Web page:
Thursday, July 26, 2007

They knew

Learning history means re-learning history, especially in light of a new book, discussed here in the Daily Mail:

"Between 1942 and 1945, a section of SIS - known as MI19 - secretly recorded no fewer than 64,427 conversations between captured German generals and other senior officers, all without their knowledge or even suspicion. The 167 most significant of these are about to be published for the first time. ...
They also explode the post-war claim of the Wehrmacht that they did not know what the SS were doing to the Jews, Slavs, mentally disabled and others among what they termed "untermensch" (sub-humans).

Attempts to suggest that genocide was solely the responsibility of the SS and Nazi fanatics, and not widespread across the whole Wehrmacht, completely collapse before the evidence of these recordings.

General Von Thoma, who commanded a panzer division in Russia before being captured at El Alamein, told the pro-Nazi General Ludwig Cruwell in January 1943: "I am actually ashamed to be an officer."
… Thoma said of those who believed the Fuhrer was ignorant of what was happening: "Of course, he knows all about it. Secretly, he's delighted. Of course, people can't make a row - they would simply be arrested and beaten if they did." …
In December 1944, Generalleutnant Heinrich Kittel, commander of 462 Volksgrenadier division, told General-major Paul von Felbert, commandant of Feldkommandantur 560: "The things I've experienced! In Latvia, near Dvinsk, there were mass executions of Jews carried out by the SS.
… [Later on] Kittel mused: "If one were to destroy all the Jews of the world simultaneously, there wouldn't remain a single accuser," and "Those Jews are the pest of the east!"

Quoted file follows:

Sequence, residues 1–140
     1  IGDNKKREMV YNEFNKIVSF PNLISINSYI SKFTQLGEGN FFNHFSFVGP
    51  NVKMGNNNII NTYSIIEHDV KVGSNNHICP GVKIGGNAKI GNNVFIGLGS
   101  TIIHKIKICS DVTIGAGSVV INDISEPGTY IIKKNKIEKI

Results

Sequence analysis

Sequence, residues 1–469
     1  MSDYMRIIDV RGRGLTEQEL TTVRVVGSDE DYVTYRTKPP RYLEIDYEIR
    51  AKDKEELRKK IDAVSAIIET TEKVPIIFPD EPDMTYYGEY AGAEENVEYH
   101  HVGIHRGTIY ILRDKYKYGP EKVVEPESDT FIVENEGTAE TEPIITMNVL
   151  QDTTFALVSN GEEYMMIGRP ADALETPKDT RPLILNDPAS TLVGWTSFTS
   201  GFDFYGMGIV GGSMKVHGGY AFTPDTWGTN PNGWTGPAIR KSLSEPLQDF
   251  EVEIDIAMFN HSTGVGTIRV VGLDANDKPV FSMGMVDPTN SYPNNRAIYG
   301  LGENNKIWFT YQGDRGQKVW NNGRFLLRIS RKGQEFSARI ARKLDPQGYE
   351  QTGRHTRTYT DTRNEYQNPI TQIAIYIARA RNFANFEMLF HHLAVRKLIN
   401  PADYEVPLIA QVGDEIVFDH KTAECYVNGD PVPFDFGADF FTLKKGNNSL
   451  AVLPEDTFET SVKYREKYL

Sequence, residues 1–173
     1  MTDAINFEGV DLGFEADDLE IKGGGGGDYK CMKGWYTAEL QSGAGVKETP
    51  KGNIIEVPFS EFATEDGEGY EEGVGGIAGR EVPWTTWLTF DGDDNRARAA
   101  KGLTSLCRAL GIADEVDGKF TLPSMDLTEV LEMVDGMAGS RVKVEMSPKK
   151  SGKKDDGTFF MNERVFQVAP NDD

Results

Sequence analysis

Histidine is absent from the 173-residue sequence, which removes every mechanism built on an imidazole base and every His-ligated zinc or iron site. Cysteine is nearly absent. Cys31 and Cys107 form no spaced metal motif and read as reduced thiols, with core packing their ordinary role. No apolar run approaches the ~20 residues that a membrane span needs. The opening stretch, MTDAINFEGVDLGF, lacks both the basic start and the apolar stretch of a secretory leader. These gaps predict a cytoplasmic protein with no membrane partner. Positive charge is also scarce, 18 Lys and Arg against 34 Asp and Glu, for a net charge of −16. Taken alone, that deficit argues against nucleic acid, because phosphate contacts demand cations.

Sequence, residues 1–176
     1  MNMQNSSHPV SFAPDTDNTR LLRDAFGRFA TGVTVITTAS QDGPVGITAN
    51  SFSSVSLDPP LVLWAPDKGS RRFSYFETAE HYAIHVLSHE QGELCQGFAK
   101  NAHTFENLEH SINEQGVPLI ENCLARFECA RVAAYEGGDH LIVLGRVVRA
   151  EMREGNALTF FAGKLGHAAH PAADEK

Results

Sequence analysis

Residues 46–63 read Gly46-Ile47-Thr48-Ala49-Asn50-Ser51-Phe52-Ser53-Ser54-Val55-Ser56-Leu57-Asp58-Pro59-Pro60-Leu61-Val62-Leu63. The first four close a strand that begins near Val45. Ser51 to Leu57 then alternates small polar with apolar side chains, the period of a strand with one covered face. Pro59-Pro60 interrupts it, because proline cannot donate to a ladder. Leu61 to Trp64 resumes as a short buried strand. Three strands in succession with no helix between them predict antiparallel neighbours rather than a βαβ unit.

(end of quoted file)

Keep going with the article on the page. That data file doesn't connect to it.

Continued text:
… In another conversation later that same day, Kittel told Schaefer about Auschwitz: "In Upper Silesia, they simply slaughtered the people systematically. They were gassed in a big hall. There's the greatest secrecy about all those things."
… "Let me tell you," General Count Edwin von Rothkirch und Trach told General Bernhard Ramcke on March 13, 1945, "the gassings are by no means the worst."
"What happened?" asked Ramke. "To start with, people dug their own graves, then the firing squad arrived with tommy-guns and shot them down. Many of them weren't dead, and a layer of earth was shovelled in between. They had packers there who packed the bodies in, because they fell in too soon. The SS did that.

Three days later, at Trent Park, Colonel Dr Friedrich Von der Heydte told Colonel Eberhard Wildermuth about the Theresienstadt concentration camp in Czechoslovakia: "Half a million people have been put to death there for certain. I know that all the Jews from Bavaria were taken there. Yet the camp never became over-crowded. They gassed mental defectives, too."
"Yes, I know," replied Wildermuth. "I got to know that for a fact in the case of Nuremberg - my brother is a doctor at an institution there. The people knew where they were being taken."

The victims knew. The SS knew. The Wermacht knew. Hitler knew. They all knew. And since the British were taping these conversations, the British knew as well. Well, some did... but who?
The revelations from this book demand the publication of a second book, one chronicling who among the British High Command got to see these transcripts, and what actions they took when faced with this information. Or, what excuse there could possibly be to have taken no action.
No wonder it is so easy for our leaders to throw Israel to her enemies… we are discovering, to our shame, how well-practiced a habit this has been.


zazie said...

à Charles Henry
Thank you for defending truth ; it must be defended and proclaimed at any cost, even though afterwards you are not quite so sure that "truth is beauty" !
My mother always told me that "they" knew ; when I asked her who "they" were, she simply answered "all those who pretend they never knew"...I was only a teenager then, I never forgot.

zazie said...

à Charles Henry
I realise that your readers might be mistaken : my mother was not Jewish ; she was only a "résistante" ; she managed to get scores of Jews, mainly children, out of German hands....

maccusgermanis said...

Another thing that British command would have known in 1942, when these tapes were collected, was that they were in a war with Germany since 1939. I think your anger is somewhat misplaced.

dag said...